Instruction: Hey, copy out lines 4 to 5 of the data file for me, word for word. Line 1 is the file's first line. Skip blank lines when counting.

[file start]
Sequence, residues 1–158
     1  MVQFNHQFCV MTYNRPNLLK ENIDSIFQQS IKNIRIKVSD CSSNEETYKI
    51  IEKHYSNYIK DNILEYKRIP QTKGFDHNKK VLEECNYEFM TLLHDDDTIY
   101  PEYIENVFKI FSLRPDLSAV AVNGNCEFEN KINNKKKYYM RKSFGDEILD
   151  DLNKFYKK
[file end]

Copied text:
   101  PEYIENVFKI FSLRPDLSAV AVNGNCEFEN KINNKKKYYM RKSFGDEILD
   151  DLNKFYKK